How Lenders Use Your Credit Scores

Lenders want to know your credit history to decide whether they should approve you for a loan or deny you. They use risk assessments and underwriting to determine how much of a risk you present to them. In most cases, higher credit scores means you present a lower risk to lenders. In addition, if you look like you’ll present a higher risk to a lender, the lender may give you a loan but charge you a higher interest rate. 

Do lenders only consider your credit score when determining whether you need a loan? No. The information you provide on your credit application also makes a major difference. Lenders will also consider your monthly income, cash and investments, such as retirement accounts, stocks and bonds, for example, in their evaluation process.

Check for Common Credit Errors

Did you know that you should take advantage of those free credit report offers you hear about? They’re definitely not a scam and they definitely don’t cost you anything, so it’s to your advantage to use them. Why?

Credit reporting errors happen more often that you probably realize. In fact, one in five people has an error on at least one of their credit reports, according to a study conducted by the Federal Trade Commission. Common errors can include:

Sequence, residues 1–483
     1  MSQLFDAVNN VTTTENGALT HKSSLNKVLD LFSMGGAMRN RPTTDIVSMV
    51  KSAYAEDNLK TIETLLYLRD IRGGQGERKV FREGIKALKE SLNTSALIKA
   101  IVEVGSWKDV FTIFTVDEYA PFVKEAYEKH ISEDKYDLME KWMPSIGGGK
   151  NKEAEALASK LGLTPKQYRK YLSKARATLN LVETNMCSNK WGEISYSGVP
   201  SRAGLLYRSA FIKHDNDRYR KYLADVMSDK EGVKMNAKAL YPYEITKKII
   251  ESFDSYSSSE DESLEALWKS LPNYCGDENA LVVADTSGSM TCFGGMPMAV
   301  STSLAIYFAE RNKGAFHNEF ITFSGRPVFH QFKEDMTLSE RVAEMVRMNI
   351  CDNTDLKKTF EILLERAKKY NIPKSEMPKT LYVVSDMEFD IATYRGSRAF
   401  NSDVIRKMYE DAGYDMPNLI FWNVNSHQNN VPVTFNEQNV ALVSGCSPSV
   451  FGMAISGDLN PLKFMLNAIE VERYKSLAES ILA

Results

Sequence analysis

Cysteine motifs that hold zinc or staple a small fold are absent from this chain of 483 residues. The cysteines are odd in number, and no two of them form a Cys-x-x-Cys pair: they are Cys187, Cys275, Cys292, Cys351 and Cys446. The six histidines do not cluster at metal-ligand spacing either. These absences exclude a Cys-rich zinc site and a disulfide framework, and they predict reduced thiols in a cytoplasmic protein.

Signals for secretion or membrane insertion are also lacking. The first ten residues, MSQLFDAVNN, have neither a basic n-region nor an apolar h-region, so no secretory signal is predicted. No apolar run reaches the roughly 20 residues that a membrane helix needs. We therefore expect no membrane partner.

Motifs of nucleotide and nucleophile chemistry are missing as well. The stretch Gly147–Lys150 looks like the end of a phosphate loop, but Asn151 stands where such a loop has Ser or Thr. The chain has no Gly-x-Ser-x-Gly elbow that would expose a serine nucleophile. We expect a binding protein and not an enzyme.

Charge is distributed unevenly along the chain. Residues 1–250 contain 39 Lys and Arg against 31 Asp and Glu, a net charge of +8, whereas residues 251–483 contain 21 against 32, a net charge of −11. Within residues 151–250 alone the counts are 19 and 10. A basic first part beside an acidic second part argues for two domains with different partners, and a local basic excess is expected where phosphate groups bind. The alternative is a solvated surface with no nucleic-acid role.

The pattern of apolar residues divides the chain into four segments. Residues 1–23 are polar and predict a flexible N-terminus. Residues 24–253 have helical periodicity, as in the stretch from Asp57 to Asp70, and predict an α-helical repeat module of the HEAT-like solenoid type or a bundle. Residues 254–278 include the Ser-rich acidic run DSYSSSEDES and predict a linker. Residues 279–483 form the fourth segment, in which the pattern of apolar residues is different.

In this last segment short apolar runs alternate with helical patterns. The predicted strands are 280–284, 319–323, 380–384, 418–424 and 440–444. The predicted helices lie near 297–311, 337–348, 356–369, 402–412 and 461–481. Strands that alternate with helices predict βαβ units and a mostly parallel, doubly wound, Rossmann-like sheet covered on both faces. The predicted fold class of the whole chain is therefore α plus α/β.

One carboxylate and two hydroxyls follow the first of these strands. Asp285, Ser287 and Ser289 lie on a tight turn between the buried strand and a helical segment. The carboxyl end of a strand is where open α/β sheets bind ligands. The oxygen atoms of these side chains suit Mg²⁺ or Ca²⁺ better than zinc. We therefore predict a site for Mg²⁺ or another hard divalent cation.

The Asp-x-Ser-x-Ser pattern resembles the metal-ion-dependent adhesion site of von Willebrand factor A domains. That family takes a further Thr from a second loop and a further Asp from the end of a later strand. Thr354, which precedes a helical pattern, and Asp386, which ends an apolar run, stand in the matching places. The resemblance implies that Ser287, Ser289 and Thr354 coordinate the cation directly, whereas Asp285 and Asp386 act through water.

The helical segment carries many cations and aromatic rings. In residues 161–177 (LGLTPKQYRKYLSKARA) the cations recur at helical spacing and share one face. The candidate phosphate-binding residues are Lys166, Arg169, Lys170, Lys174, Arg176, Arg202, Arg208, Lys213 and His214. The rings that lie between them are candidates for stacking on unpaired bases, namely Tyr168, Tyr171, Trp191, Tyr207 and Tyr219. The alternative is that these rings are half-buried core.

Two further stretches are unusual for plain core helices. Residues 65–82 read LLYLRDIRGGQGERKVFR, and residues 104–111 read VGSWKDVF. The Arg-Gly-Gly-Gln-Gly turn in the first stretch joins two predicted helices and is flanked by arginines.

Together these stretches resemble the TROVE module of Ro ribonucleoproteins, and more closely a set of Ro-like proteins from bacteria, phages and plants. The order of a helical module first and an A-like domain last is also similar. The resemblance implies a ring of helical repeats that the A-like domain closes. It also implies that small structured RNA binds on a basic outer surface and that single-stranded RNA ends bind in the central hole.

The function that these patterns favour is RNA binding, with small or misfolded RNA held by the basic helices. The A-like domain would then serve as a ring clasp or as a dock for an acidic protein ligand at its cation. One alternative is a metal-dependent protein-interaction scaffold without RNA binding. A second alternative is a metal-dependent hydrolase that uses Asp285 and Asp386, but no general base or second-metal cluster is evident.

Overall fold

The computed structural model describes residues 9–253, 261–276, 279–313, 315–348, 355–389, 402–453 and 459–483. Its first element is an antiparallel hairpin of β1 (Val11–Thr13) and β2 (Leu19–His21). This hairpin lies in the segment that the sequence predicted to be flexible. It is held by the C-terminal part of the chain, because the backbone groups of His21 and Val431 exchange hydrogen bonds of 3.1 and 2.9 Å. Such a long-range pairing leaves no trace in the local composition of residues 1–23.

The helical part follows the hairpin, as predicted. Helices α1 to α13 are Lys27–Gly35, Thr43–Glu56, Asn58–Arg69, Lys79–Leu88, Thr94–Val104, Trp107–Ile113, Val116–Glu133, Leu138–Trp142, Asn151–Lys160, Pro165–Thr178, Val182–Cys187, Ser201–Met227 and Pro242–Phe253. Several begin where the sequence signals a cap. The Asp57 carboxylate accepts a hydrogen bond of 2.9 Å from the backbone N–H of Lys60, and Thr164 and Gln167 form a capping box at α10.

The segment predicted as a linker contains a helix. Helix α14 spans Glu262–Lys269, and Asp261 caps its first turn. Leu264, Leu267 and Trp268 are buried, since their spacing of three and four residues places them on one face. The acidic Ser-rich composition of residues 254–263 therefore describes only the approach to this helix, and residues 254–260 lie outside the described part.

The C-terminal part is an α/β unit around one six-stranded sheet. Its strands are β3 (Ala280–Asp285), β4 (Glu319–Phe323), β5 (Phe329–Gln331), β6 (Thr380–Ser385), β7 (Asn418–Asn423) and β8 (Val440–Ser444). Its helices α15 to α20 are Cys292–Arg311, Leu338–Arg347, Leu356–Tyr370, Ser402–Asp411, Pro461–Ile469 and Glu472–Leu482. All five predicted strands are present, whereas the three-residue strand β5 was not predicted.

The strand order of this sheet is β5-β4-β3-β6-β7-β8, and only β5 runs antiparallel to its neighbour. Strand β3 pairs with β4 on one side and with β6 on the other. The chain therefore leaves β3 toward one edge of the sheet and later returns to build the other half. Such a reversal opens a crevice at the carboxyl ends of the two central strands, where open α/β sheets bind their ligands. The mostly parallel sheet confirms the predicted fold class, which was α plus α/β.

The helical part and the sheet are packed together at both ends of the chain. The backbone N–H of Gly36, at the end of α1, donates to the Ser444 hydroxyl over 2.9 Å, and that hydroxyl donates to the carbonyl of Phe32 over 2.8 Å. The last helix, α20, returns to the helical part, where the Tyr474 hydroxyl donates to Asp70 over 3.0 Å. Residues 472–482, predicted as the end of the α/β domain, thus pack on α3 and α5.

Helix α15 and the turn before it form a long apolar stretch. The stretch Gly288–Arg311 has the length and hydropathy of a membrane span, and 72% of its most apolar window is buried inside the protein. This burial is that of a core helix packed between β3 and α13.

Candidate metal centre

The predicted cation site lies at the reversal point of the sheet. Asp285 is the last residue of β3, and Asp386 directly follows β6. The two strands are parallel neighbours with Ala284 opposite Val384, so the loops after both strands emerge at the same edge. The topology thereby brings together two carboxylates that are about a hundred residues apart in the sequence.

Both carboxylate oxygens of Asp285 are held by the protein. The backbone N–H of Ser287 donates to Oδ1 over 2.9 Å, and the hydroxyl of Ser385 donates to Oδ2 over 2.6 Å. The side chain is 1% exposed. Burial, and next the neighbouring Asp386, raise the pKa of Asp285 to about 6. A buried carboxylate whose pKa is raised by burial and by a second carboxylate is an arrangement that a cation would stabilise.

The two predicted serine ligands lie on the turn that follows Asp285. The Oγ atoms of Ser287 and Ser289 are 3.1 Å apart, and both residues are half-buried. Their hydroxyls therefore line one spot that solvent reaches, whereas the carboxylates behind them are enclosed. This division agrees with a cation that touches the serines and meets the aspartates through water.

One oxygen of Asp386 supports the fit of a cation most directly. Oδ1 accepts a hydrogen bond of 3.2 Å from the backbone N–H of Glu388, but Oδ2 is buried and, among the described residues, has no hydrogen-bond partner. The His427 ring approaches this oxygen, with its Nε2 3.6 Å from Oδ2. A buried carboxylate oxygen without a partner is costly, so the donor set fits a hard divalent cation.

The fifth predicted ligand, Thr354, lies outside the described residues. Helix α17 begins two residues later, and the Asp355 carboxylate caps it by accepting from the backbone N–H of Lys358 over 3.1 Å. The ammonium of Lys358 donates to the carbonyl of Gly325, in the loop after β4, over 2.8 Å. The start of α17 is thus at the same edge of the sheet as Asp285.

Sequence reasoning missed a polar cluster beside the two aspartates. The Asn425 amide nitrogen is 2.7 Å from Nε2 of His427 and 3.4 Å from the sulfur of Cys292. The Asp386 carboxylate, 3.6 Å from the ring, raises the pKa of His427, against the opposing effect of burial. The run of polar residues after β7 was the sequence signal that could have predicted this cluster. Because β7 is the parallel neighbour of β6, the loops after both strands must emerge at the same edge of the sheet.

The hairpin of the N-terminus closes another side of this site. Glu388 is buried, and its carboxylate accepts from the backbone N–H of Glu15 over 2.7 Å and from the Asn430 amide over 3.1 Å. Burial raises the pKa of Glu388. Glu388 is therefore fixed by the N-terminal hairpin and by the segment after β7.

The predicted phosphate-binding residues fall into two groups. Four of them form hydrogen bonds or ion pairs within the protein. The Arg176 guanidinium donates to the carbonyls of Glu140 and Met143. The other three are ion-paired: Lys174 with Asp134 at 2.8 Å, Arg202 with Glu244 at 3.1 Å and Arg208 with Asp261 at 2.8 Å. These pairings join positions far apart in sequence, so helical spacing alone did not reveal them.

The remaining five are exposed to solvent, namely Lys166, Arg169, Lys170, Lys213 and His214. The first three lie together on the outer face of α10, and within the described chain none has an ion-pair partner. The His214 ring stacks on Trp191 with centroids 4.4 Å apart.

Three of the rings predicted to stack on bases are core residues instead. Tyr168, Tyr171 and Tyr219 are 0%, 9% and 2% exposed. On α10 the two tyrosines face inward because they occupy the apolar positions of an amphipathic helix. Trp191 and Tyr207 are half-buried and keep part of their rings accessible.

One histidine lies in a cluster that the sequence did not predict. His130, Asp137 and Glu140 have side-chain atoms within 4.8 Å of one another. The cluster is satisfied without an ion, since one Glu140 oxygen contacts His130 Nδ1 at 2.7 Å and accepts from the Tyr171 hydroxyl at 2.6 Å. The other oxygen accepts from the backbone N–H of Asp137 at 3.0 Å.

• Personal information errors (mixed up names, phone numbers and addresses) which may or may not relate to identity theft issues
  • Account statuses reporting incorrectly 
  • Debts listed more than once
  • Balance errors (including incorrect balances)

You may spy other errors not related to the errors above after you check your credit. You want to fix these errors as soon as possible because not doing so can affect your future.

How to Check Your Credit and Dispute Errors

You can tap into free credit score information through your credit card company or credit card monitoring service that involves a paid subscription. 

You can also access your annual credit report for free through AnnualCreditReport.com, the only federally authorized source for free credit reports. You get access to all three of your credit reports for free once each year.

You can dispute errors by reaching out to credit bureaus directly: 

 

Disclosure

College Savings Calculator is a hypothetical tool that demonstrates how monthly contributions, age-based asset rebalancing, and tax savings may impact the long-term value of your account, and do not take into account a portfolio’s underlying investment management fees. Calculations assume the private institution cost inflation is 2.8%, public out of state cost inflation is 3.9%, public in state cost inflation is 2.7%. Portfolio is assumed to have only stocks and bonds. Monthly equity returns are based on the historical data from the 10-year track record of the stock market (SPY). Monthly fixed income returns are based on the historical data from the 10-year track record of the bond market index (AGG). The current college expenses are provided by the collegeboard.org. Actual account performance may differ due to market fluctuations, changes in recurring investments, and asset allocation. The information provided here is for illustrative purposes only and does not represent actual or future performance of any investment option and is not intended to predict or project the investment performance of any security or index.